This short Depression-era documentary describes the importance of the Mississippi River to the United States. It laments the environmental destruction committed in the name of progress, ... See full summary »
This documentary movie is about the battle of San Pietro, a small village in Italy. Over 1,100 US soldiers were killed while trying to take this location, that blocked the way for the ... See full summary »
A group of people are standing in a straight line along the platform of a railway station, waiting for a train, which is seen coming at some distance. When the train stops at the platform, ... See full summary »
Visionary documentary that contrasts the conditions of life in small towns and in the industrialized cities, starting with a brief portrait of pre-industrial United States, then moving into... See full summary »
A depiction of life in wartime England during the Second World War. Director Humphrey Jennings visits many aspects of civilian life and of the turmoil and privation caused by the war, all without narration.
A greedy tycoon decides, on a whim, to corner the world market in wheat. This doubles the price of bread, forcing the grain's producers into charity lines and further into poverty. The film... See full summary »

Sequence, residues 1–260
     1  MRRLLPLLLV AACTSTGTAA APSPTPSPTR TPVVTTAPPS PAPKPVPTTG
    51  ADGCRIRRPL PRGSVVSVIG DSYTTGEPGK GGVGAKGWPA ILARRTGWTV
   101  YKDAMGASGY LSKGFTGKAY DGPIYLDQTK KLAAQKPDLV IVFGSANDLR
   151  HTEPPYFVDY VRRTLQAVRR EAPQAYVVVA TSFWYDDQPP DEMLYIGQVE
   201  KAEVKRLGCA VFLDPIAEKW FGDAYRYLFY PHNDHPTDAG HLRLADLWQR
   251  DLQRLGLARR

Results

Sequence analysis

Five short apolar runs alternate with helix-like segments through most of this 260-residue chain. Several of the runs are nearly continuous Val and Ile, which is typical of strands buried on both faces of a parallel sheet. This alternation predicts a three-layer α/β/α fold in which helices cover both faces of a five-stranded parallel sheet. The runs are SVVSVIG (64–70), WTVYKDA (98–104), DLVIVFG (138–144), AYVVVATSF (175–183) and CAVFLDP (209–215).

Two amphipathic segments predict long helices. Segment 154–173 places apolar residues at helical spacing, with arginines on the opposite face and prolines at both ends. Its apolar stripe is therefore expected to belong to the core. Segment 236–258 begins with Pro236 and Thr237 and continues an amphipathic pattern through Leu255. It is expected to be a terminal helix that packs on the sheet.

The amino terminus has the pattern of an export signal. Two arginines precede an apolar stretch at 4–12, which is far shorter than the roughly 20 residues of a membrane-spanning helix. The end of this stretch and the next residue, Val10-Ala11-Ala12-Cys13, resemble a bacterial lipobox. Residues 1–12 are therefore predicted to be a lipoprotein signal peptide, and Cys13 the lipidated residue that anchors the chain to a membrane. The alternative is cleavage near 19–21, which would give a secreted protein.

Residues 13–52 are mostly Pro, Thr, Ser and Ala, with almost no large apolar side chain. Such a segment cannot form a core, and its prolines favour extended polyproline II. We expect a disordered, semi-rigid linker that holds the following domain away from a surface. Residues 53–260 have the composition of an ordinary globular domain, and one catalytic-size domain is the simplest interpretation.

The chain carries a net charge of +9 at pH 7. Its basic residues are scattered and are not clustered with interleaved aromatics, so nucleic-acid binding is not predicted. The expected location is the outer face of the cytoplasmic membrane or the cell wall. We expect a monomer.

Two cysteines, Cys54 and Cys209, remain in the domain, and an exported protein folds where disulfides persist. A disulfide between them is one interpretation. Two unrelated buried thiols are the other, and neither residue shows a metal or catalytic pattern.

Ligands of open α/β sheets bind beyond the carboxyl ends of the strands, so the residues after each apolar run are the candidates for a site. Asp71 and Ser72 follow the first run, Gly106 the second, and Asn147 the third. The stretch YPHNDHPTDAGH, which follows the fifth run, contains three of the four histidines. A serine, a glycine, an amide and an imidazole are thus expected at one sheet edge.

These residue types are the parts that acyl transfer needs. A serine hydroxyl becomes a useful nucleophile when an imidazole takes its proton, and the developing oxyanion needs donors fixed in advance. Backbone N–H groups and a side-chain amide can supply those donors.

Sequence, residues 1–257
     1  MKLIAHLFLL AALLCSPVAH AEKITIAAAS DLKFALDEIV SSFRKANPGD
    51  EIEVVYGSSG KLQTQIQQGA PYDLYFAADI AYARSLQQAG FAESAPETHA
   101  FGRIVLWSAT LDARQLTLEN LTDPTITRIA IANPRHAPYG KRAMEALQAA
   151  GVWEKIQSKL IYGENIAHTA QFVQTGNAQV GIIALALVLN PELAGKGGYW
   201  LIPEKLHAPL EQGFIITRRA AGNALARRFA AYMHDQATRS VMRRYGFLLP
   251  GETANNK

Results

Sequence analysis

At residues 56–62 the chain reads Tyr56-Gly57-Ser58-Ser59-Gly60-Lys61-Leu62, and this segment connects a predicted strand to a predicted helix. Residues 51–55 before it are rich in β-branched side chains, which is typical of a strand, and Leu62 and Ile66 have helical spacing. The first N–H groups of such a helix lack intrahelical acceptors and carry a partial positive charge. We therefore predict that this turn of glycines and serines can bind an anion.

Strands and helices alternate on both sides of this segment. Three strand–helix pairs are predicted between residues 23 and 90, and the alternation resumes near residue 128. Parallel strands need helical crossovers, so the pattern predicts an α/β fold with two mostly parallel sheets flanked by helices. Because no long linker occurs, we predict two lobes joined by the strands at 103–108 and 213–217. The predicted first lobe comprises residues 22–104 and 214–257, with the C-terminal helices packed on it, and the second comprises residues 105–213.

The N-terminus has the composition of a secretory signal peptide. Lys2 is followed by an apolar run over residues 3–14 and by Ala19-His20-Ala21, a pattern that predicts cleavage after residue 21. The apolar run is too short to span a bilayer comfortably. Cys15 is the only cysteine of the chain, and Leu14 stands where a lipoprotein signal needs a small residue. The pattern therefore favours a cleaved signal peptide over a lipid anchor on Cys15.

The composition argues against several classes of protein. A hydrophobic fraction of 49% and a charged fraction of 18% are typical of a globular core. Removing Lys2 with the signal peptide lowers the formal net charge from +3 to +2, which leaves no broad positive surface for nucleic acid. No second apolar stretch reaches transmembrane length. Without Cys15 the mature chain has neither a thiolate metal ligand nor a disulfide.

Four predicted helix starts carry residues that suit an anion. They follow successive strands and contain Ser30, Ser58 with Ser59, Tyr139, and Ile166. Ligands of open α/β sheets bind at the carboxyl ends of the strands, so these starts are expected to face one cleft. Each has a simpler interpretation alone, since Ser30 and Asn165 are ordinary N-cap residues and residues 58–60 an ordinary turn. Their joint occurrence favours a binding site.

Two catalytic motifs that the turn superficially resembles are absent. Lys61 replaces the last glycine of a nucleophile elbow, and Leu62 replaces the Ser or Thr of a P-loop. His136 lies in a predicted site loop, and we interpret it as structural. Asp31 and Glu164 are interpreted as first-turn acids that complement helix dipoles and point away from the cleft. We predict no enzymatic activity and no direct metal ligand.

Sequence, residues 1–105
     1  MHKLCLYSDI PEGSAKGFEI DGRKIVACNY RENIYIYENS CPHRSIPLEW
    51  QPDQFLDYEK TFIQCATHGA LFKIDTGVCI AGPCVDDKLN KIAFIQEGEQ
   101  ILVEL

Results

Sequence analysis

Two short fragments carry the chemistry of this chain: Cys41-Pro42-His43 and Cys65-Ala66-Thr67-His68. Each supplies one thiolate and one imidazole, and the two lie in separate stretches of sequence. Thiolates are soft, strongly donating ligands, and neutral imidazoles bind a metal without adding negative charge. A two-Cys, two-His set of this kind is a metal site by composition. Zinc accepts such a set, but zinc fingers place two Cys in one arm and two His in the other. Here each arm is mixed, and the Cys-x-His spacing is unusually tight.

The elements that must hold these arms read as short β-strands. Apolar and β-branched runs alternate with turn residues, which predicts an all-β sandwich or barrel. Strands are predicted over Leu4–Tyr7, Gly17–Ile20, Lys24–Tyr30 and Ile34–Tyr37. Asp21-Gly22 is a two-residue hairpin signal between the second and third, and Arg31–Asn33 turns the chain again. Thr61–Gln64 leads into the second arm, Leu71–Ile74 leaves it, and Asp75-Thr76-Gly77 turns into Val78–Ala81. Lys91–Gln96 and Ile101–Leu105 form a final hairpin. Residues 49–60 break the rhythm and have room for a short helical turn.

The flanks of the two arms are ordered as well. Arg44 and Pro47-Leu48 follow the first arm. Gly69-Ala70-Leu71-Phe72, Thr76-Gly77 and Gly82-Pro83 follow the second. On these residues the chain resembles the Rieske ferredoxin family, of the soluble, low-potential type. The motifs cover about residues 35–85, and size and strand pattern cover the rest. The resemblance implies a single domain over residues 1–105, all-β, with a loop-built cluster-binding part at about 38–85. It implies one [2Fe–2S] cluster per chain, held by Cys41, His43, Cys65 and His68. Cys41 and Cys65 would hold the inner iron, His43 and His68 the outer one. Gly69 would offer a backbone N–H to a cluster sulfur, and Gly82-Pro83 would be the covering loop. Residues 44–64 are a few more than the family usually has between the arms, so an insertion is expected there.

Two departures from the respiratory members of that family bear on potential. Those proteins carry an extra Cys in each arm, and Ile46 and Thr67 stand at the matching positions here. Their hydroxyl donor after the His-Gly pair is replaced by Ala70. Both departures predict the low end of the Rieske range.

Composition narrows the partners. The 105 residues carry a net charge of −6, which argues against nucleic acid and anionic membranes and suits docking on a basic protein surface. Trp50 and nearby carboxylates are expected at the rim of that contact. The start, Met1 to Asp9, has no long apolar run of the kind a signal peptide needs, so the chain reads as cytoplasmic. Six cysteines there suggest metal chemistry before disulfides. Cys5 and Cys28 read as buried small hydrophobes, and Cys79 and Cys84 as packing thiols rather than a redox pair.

An interne witnesses the death of a young mother in a maternity hospital delivery room. Disturbed that he might have overlooked something that could have prevented the death, he goes to a ... See full summary »
This short Depression-era documentary describes the importance of the Mississippi River to the United States. It laments the environmental destruction committed in the name of progress, particularly farming and timber practices which cause massive erosion and result in vast amounts of top soil being washed down the river into the Gulf of Mexico. The film focuses especially on the impact this has had on impoverished farmers. It ends on a very upbeat note, however, with a celebration of the TVA, "modern" farming technology, and the use of dams to control the river and prevent flooding. Written by
As Pare Lorentz did for the Southern Plains about the Dust Bowl in a previous documentary, here is focuses on the Mississippi River. Virgil Thomson composed music to help enhance the documentary. During the Great Depression, President Franklin Delano Roosevelt's New Deal programs helped to understand and educate others throughout the country about causes such as saving the Mississippi River and the Southern Plains in the Dust Bowl years. Pare Lorentz does a decent job in a time when documentaries were still new as with films in general. The documentary is short enough but long enough to explain the Mississippi River. It would have been nicer to have heard from people along the Mississippi River who are probably generations of families have lived to earn a living. The documentary is fine for historic review and the music is ingenious in understanding the river's significance. The Mississippi River stretches from Minnesota to New Orleans, Louisiana and has been an important part of American history.
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